As of now, the club meets at McClain’s Coffee House in Fullerton to house their cigar meetings because it accommodates many people of all ages with a relaxed setting.

“We meet on Thursday nights at 8 p.m. We start off by casually (waiting) for people to show up, then kick-start the meeting with our guest speaker followed by cigar smoking. By the end of the night, everyone is friends with each other and having a blast,”said Nyo.

Nyo is currently a member of the cigar lounge 8Eightyeight in downtown Fullerton.  Unfortunately, due to age restrictions, the group can’t meet at an actual cigar club.

“But a deal is currently being negotiated with Islands Cigar Lounge in Brea. They will allow us to hold our meetings there and get cigars at discount,” said Nyo

The club even has Nagano-Krier interested in the different aspects of the cigar business.

“I have attended two meetings and have learned so much about the cigar industry from a business perspective. The members are interested in that aspect and have learned that smoking cigars is truly an art,” he said.

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3 commentsOn Cigar Club at CSUF

  • My father was a cigar smoker for 30 years. He died from mouth cancer two years ago. Cigars are just as bad as cigarettes and yet they are socially acceptable? What’s wrong with that picture? As for the faculty advisor, Hey why not advise a booze club and look at the history of alcohol etc while the students catch a good buzz having fun learning about it!

  • That’s just great! Just the thing for a college campus–a cigar club. If you want a cigar club, hold it off campus.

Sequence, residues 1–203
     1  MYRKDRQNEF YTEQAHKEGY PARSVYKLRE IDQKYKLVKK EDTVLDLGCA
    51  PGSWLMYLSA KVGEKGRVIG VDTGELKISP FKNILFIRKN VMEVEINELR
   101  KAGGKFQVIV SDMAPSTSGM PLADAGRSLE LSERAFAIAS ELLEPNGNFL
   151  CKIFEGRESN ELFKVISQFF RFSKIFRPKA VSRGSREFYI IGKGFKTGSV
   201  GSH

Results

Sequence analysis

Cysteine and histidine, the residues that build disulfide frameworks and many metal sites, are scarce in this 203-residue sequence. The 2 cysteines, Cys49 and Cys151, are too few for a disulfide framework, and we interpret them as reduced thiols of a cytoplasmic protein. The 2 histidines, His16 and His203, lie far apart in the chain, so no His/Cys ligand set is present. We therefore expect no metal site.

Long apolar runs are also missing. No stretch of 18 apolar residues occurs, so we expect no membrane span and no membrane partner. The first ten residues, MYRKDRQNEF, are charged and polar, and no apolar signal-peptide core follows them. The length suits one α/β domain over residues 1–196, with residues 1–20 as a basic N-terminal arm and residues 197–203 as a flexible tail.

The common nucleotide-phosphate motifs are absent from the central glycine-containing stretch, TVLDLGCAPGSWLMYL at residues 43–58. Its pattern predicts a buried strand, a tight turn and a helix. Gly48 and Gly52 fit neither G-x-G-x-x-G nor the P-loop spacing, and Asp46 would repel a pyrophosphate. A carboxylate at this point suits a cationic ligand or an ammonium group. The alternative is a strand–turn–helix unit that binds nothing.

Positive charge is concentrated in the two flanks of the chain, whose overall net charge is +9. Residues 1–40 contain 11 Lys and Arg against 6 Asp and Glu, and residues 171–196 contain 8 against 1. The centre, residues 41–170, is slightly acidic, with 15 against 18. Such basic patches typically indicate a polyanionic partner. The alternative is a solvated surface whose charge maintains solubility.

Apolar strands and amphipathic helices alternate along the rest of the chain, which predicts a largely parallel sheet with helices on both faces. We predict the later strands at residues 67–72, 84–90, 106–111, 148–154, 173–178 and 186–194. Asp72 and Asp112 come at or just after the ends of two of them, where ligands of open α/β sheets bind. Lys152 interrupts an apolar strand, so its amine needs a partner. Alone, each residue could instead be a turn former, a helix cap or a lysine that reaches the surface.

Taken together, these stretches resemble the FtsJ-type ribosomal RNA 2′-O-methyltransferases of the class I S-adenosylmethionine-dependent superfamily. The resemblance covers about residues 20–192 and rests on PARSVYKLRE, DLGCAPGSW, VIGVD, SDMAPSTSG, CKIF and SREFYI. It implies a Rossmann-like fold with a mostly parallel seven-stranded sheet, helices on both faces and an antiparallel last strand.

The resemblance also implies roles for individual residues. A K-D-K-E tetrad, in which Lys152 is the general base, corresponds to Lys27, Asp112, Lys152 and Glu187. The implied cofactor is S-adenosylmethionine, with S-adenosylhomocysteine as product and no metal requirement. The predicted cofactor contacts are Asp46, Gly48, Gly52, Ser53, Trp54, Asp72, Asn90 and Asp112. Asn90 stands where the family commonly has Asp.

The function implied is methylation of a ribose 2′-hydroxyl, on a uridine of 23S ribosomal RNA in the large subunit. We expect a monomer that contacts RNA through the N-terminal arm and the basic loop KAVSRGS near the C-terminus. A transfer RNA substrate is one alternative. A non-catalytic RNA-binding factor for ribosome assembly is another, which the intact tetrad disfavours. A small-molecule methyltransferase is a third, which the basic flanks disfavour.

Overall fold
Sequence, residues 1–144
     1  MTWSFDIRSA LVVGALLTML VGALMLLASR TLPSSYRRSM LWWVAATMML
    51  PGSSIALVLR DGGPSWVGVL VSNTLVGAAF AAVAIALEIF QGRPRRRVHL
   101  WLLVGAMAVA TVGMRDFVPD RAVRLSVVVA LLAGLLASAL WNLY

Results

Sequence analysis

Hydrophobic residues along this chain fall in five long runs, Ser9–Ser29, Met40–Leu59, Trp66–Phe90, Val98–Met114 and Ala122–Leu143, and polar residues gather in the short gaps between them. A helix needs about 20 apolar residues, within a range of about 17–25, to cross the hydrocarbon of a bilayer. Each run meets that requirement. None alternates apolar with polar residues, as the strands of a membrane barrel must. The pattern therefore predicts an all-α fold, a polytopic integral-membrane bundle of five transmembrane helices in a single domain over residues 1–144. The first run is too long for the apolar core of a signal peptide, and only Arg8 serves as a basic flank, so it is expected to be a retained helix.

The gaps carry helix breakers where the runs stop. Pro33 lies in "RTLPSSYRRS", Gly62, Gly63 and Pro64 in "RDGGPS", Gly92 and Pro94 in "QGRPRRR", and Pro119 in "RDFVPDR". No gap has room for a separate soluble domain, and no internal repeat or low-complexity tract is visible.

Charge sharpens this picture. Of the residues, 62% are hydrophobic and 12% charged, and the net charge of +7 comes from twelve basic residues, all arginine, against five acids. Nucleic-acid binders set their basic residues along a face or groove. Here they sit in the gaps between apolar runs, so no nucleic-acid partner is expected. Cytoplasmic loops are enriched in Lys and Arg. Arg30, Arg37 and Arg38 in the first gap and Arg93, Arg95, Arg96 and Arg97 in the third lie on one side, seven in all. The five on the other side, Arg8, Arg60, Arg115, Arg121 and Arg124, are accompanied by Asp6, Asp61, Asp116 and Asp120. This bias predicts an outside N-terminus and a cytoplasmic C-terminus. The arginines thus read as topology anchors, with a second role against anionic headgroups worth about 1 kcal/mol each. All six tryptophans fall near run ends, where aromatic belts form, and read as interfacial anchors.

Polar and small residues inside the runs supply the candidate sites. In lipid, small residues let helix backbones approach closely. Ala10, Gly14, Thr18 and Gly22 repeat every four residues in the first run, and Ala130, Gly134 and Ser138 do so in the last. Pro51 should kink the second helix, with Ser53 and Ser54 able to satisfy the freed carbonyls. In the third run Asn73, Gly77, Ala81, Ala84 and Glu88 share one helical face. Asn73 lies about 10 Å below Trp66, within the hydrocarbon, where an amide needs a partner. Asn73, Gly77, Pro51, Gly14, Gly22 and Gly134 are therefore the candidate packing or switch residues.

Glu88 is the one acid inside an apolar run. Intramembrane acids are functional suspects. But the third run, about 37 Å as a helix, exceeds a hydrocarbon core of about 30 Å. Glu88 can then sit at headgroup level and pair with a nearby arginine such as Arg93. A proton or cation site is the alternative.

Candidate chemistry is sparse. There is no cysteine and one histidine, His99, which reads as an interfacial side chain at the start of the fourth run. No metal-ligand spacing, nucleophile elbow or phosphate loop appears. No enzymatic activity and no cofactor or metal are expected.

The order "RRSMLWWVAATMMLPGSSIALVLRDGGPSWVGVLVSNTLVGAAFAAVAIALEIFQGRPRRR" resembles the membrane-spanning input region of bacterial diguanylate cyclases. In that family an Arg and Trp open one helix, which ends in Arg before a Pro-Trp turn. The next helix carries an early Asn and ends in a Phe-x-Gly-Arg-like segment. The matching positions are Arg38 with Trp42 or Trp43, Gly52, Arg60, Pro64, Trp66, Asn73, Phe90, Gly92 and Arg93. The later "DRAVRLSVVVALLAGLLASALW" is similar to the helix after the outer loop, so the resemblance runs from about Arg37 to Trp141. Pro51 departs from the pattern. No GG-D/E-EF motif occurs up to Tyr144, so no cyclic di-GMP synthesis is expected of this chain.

• What is this, an ad for cigars? You couldn’t mention the known health effects of cigars at all? Oral cancer, COPD, heart disease not important enough? This is irresponsible journalism.

    Consider the role cigars played in Conservative icon William F. Buckley’s emphysema and untimely death–a role Buckley bitterly bemoaned in his column:

    “Half a year ago my wife died, technically from an infection, but manifestly, at least in part, from a body weakened by 60 years of nonstop smoking. I stayed off the cigarettes but went to the idiocy of cigars inhaled, and suffer now from emphysema, which seems determined to outpace heart disease as a human killer.

    “Stick me in a confessional and ask the question: Sir, if you had the authority, would you forbid smoking in America? You’d get a solemn and contrite, Yes.”

    –Buckley, William F. Jr., “My Smoking Confession” NY Sun, Dec. 3, 2007.

    Cigar smokers like to tell each other that no one inhales. That’s a myth. Many–especially ex-cigarette smokers like Buckley–do inhale. And suffer the consequences.

    Cigar smoking keeps people addicted to nicotine, in whatever form. Michael Douglas had successfully quit smoking decades ago. Until, he has said, “that cigar fad came along”–and the powerful nicotine addiction took hold again. Then he had to battle throat cancer.

    Cigar makers aren’t dumb. They’d LOVE it if an entire generation became addicted to their cigars in college. Damn the health effects–more business for them!

    I’m so glad faculty adviser Daryle Nagano-Krier is involved with the club “so it stays within the University Guidelines.” What exactly are the “University Guidelines” on getting cancer? This is so brain-dead, I can’t help but wonder if Nagano-Krier is also involved with some local business.

    Nice way to help addict and enfeeble our young people, Ms. Castro-Flores. Haven’t you had any classes about health–or ethics in journalism?

    I’d probably have let this ugly event alone had Ms. Castro-Flores paid the slightest lip service to the known health effects of cigars. But it’s reprehensible to post this untrammeled ad for an addicting, deadly drug without informing students about reality.